So all finished by, Judge said he would reserve Judgment and hand it down later. It may not take as long as the Beavis case did, firstly there’s only one Judge, and secondly, there aren’t any complex legal arguments.
If Proserve are arguing they do not have to be in an ATA, why are they arguing there should be a new class of ATA?
Proserve admit they were in the wrong for 1,800 data requests, but that lessons have now been learned. If they were a member of an ATA, these lessons would have been learned a long time ago.
The Prankster agrees the current codes of practice of the BPA or IPC would benefit from modifying to accomodate the Proserve model. However, there is nothing to stop this happening
Hiding behind the corner and putting a ticket on a vehicle when the driver is not looking does nothing to keep the port of Felixstowes roads clear. Instead, actually talking to the driver while he is still in the vehicle and asking him to move on would be the correct solution.
it is inappropriate to ask the courts to decide on 1,800 cases of liability. This is unfair to motorists who would be at a serious disadvantage facing Proserve's barristers in the small claims court, and it would also cost them money which they could not recover when they won. In addition, Proserve cases have been characteristed by legal problems and by providing false and misleading information in court. There is nothing to suggest they would play by the rules in future. The proper way would be for an independent appeals body to be available free of charge to motorists.
The Prankster laughs at the suggestion that a £100 maximum charge would bankrupt Proserve. As disclosed in the Ransome Park v Anderson case, Proserve are paid a management fee to patrol the area. When they discover a trespass, they charge the landowner to photograph the vehicle and stick at ticket on, then apply to the DVLA for details and write begging letters.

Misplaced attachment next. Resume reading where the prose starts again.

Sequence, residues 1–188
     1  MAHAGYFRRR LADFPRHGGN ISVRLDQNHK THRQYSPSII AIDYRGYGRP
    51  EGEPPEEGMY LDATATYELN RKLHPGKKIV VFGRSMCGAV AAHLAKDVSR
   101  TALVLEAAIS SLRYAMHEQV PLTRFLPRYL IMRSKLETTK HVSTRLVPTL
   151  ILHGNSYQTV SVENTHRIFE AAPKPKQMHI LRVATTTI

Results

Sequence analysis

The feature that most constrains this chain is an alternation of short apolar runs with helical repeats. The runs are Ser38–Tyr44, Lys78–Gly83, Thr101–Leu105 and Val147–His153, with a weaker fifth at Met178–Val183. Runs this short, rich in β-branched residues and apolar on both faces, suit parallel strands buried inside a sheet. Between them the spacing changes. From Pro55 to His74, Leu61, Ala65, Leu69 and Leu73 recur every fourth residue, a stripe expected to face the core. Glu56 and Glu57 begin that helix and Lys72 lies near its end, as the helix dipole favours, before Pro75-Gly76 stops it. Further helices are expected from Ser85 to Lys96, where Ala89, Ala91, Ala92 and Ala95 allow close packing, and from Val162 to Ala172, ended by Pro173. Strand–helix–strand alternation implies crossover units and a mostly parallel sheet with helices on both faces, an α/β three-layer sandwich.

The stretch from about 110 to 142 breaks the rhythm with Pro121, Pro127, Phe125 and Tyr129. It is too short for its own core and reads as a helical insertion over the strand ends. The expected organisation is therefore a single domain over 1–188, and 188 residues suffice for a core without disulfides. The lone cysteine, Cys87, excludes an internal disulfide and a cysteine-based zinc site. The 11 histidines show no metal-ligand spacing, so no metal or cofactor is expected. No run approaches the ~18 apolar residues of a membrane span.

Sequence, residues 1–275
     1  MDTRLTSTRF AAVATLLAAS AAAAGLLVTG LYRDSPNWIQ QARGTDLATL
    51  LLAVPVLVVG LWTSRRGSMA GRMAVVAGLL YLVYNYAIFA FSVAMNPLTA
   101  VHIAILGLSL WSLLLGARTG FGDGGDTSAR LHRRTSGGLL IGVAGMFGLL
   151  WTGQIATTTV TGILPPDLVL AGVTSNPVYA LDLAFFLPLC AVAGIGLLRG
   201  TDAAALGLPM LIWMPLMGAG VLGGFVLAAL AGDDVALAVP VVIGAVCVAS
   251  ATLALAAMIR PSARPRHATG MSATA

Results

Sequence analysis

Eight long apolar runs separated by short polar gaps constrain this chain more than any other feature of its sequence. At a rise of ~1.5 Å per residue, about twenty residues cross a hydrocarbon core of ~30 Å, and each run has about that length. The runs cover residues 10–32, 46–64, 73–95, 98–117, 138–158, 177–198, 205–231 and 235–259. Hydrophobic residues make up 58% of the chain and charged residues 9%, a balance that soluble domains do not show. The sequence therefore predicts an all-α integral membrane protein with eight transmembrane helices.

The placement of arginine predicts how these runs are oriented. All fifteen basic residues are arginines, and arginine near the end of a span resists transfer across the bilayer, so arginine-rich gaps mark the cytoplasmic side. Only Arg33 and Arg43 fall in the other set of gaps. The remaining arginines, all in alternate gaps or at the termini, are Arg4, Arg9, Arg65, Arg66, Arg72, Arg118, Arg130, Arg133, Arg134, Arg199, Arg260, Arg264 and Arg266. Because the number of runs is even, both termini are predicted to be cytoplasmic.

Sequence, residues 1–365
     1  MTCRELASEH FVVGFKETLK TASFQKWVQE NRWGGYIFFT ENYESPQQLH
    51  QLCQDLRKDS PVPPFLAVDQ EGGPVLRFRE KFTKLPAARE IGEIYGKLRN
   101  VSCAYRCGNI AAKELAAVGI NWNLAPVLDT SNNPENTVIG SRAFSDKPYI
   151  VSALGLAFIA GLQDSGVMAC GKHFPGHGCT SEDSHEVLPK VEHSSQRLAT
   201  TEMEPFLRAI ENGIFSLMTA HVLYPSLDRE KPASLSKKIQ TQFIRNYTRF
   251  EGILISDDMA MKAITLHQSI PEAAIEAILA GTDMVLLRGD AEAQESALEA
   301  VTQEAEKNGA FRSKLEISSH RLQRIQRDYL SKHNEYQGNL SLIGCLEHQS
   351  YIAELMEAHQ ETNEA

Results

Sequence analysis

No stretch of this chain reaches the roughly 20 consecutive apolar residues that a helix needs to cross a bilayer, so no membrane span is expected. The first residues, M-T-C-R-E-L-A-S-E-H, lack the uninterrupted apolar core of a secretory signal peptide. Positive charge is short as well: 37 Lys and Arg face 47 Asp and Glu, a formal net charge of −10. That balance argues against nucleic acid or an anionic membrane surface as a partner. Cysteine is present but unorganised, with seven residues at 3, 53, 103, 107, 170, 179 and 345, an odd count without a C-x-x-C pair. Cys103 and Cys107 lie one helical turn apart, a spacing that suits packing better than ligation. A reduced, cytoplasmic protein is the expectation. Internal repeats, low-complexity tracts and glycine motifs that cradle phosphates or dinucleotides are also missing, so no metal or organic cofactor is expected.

As disclosed in large numbers of POPLA cases, this can all be done for around £10. In ParkingEye v Beavis, it was disclosed the average costs per ticket were £18, but this also includes an appeals service, POPLA, and the general running costs of the whole company, including any hefty director wages and bonuses. Companies such as Ranger Services will outsource this for you; the Prankster believes the cost is around £20. Debt Recovery Plus will also do this for you. They add £20 to the Notice to Keeper for this service. Proserve's charge of £250 is therefore ludicrously out of kilter. Additionally, as there is no extra work involved, there is no justification for charging more for commercial vehicles than for cars.
HHJ Moloney, in his judgment in the Ransome park v Anderson case, reminded everyone that in a trespass case the amount awarded is actual damages. He also made it clear that Proserve could not charge an arbitrary amount, but that the landowner must do due diligence and find the true market price. The Prankster maintains that as Ranger Services or Debt Recovery Plus will carry out essentially the level of service for £20, then this is the amount that can be charged for trespass.
The Parking Prankster